Finance Minister Mohammad Safadi presented a 2013 draft budget to Prime Minister Najib Mikati amid strong indications that the bill, like previous budgets, will fail to win the approval of Cabinet and Parliament.
According to the Finance Ministry, the new draft budget projects spending at $15.26 billion, while the deficit will stand at $3.11 billion.
Though the bill is unlikely to be passed, a source at the Finance Ministry said Safadi was still keen on meeting the deadline for a budget to be submitted.
Since 2005, successive Lebanese governments have failed to force a draft budget through Parliament due to sharp political differences between the country’s two main political coalitions, the March 14 and March 8 blocs.
Safadi has said a new public sector salary scale, which will be discussed by the Cabinet this week, will cost the treasury at least $1 billion a year if it is approved.
The minister has proposed covering the $1 billion in added costs through three installments.
However, some media reports say that Mikati favors imposing new taxes to offset the costs – a move opposed by many ministers in the Cabinet.
Most ministers strongly opposed Safadi’s 2012 draft budget because the bill called for higher taxes. They fear that new taxes would likely trigger widespread protests from both labor unions and the private sector.
Safadi has insisted on a number of occasions that the government cannot keep spending money without raising taxes, warning that if the Cabinet allocates funds for the salary hike and infrastructure projects, the deficit will become difficult to manage.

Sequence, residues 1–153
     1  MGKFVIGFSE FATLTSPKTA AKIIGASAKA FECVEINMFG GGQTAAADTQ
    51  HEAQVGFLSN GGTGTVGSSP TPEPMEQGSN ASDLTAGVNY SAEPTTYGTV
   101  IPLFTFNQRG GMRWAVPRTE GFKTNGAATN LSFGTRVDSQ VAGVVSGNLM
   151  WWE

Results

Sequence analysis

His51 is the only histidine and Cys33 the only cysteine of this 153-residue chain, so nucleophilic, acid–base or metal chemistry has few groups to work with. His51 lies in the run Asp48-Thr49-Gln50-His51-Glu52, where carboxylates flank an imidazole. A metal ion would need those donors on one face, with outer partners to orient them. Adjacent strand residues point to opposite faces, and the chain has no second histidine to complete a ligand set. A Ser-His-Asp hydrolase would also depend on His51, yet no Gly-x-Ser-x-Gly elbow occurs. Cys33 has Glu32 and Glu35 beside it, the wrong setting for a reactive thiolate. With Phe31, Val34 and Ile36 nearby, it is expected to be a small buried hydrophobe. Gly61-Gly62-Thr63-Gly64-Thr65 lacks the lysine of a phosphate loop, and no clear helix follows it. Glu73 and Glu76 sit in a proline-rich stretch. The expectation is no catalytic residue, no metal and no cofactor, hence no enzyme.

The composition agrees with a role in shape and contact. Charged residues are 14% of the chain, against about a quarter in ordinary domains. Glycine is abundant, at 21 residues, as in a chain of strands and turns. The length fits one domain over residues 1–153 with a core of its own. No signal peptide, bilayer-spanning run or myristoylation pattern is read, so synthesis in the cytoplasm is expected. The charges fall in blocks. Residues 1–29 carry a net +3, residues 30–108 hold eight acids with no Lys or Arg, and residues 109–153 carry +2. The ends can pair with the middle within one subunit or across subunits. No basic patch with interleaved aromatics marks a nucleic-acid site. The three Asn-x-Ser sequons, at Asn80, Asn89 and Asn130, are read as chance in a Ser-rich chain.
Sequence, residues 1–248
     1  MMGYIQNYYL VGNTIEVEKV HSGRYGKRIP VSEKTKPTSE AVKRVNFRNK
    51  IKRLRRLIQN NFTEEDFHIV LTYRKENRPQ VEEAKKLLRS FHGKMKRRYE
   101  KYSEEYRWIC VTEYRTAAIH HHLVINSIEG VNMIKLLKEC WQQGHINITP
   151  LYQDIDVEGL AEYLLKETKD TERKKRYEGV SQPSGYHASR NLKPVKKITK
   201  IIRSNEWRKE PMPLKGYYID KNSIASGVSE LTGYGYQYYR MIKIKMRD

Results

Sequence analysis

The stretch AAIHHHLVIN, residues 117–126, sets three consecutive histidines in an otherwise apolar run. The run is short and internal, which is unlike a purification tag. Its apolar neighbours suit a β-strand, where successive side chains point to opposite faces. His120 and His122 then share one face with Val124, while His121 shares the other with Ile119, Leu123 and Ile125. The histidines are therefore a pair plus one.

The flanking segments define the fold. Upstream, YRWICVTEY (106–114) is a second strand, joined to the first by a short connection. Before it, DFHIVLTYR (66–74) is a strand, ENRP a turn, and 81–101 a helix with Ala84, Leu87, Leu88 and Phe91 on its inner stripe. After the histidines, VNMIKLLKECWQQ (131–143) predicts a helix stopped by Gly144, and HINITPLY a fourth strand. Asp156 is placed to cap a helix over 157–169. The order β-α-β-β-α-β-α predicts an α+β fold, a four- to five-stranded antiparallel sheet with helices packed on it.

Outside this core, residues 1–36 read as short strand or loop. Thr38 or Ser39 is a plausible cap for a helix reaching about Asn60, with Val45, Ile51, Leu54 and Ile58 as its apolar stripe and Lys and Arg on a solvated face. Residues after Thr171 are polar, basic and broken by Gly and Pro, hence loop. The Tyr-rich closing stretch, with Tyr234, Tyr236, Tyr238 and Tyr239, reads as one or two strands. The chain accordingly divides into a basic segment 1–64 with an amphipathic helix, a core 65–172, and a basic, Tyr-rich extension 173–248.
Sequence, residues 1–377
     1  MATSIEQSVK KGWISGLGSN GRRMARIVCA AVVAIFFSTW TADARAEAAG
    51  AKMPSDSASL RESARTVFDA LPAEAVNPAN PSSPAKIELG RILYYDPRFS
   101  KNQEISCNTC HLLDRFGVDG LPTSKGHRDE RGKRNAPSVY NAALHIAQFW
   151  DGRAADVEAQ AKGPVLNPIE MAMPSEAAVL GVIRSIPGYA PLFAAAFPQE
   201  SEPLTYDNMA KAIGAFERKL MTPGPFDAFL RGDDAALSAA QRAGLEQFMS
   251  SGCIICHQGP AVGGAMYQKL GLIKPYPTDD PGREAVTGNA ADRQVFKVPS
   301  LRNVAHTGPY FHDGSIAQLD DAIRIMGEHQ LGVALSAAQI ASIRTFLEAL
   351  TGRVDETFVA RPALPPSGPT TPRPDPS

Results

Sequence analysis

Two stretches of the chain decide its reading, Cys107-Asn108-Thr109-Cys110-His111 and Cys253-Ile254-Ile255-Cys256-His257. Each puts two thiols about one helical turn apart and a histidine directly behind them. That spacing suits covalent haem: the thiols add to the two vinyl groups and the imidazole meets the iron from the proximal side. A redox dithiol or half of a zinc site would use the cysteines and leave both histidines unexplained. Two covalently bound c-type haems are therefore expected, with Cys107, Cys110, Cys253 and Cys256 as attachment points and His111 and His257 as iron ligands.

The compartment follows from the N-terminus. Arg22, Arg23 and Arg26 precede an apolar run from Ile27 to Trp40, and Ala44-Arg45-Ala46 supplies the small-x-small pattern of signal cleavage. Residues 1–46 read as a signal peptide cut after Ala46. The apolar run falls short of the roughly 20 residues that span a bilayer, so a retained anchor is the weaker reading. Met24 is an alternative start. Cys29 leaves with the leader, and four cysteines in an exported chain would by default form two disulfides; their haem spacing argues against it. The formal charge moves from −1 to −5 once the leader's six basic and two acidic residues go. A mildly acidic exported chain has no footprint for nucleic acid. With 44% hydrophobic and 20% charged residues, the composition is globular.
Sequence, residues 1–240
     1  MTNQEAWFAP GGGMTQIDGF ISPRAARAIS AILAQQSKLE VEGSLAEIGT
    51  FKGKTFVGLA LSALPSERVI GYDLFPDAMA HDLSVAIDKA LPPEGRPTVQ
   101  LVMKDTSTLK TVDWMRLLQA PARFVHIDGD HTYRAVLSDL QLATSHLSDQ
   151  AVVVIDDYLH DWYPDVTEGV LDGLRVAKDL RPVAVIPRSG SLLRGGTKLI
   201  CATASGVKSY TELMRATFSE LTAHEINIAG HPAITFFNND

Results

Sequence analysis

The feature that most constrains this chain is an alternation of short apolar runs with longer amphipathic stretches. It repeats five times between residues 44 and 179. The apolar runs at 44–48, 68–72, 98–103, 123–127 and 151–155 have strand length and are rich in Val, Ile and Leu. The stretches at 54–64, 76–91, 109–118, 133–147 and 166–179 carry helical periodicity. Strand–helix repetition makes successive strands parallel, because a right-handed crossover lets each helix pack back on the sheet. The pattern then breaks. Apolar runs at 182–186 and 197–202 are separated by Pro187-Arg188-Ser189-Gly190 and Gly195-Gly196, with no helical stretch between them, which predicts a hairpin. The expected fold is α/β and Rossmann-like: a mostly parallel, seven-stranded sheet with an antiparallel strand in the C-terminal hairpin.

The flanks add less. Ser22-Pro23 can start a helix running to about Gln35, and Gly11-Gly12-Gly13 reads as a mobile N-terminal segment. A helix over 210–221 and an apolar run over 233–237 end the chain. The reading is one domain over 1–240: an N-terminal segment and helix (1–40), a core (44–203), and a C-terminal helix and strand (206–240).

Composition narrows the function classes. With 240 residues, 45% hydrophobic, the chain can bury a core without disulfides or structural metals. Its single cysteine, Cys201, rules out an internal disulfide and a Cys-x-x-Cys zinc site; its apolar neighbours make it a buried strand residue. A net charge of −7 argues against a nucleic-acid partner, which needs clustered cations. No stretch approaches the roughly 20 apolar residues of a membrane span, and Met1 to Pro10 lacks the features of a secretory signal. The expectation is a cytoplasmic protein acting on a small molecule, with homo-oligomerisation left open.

The International Monetary Fund, the World Bank and international rating agencies have cautioned the Cabinet against overspending and urged Mikati to consider higher VAT and taxes on real estate transactions.
The government recently agreed to pay all public employees the difference of the salary increase retroactively from February 2012.
The budget deficit started to rise as of June of this year, according to the Finance Ministry.
It added that the budget deficit in the first six months of 2012 rose by LL403 billion to reach LL1.708 trillion (up by 18.26 percent), compared to LL1.304 trillion (up by 15.36 percent) in the same period of last year.
It added that the primary surplus, excluding the cost of debt servicing, fell by LL542 billion to reach LL1.164 trillion – 12.45 percent of total spending.
This was the first time in two years that the Finance Ministry announced an increase in the budget deficit.
Total spending up to June 2012 reached LL7.642 trillion compared to LL7.332 trillion in the same period of 2011 – an increase of LL456 billion.
Most economists favor taxes on real estate transactions and profit on capital gains to help the government meet its immediate spending needs.
Lebanon’s public debt, which now stands at less than $55 billion, may exceed $60 billion next year if spending continues to rise unchecked.
But experts say Lebanon will have no trouble financing public debt by issuing Eurobonds, which will be snapped up by commercial banks.